the start_time for the realtime-log query doesn't change unless the query came back with a success log because start_time gets updated as so

current_starting_time = start_time
while True:
   logs = make_query(..., start_time=current_starting_timestamp)
   
   has_new_logs = logs.get("hits", {}).get("hits") and len(logs["hits"]["hits"]) > 0
   
   if has_new_logs:
            # Update the current starting timestamp for next query (already sorted)
            current_starting_timestamp = logs["hits"]["hits"][0]["_source"]["@timestamp"]
   
   await asyncio.sleep(2)

from this, we know that when it makes the query again, it still misses first log after the initial start_time

My thoughts on this is that perhaps the time ranges when doing comparison operations gt and lte fail due to some floating point error in the calculation which led me to using date-nanos (although that didn't solve it either).

Date math is not floating point it is integer based.
All dates are stored as UTC milliseconds (or nanoseconds) from the Epoch and so range comparison is integer based, with no floating point... a record either IS or IS NOT in the range.

Date Ranges filters, searchability, and index refresh are core functionality of Elasticsearch so highly improbable that is is a bug... possible but not likely.

More likely there is something else going on with the testing methodology, the logs are not getting ingested when you think, some assumption etc, I am not completely following your test case/test harness....

Exactly what date are you comparing...
The date in your logs may not be the actual @timestamp
I am not sure what your query looks like, or what date is being used in the range query?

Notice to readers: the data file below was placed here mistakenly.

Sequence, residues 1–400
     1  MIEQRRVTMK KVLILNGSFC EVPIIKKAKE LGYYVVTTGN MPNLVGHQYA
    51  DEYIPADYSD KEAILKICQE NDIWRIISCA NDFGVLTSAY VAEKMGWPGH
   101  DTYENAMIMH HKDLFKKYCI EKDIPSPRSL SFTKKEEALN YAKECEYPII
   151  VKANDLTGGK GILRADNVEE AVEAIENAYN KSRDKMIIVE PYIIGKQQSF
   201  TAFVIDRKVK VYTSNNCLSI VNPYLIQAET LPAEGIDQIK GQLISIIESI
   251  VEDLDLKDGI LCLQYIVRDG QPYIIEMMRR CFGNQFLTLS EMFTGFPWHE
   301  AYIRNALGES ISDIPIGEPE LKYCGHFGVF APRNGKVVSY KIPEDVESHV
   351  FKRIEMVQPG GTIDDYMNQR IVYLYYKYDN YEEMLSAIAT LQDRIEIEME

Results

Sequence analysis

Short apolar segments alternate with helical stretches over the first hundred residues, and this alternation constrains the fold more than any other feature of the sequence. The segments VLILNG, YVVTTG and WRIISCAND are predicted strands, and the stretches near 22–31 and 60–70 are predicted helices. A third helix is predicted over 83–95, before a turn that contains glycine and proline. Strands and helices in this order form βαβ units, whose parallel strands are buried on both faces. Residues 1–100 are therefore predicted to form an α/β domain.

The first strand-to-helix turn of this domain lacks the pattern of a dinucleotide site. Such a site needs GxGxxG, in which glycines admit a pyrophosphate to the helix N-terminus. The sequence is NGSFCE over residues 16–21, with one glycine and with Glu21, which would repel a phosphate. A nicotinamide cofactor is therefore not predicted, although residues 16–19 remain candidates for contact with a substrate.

Is there are ingest pipeline setting the @timestamp, how is the @timestamp being set?

Keep looking...

Thanks for the descriptive reply.

I believe the ingest pipeline is handled with the default configuration to fluent-bit. Time_Key is default to @timestamp and I enabled Time_Key_Nanos to support time in nanoseconds.

One thing to note is that the start_time date string comes from a isoformatted version of a javascript Date object which is passed in during the start of the queries. Not sure if this makes some weird interactions (although I don't think it is as specific down to nanoseconds so some rounding might be occuring?)

const currentTimeIso = new Date().toISOString();

In meantime, I'll try to get a simplified version of the logic.

Ohh We never welcomed you to the community.. so welcome!

And Good hunting...

1 Like

I believe I found the solution for this and it was pretty simple.

range also happened to have a relation option which defaulted to intersects. After changing it to within, I don't seem to see the problem anymore.

However, I'm not quite understanding the difference between intersects and within. With a single point of time, if it is within a time range, shouldn't it "intersect"?

Conclusion: this seems to solve it. Example below for future reference.

"range": {
    "@timestamp": {
        "gt": starting_time,
        "relation": "within",
    }
}
and
"range": {
    "@timestamp": {
        "lte": starting_time,
        "relation": "within"
    }
}

[EDIT]: Not the solution. I still occasionally see it but this somehow helped a little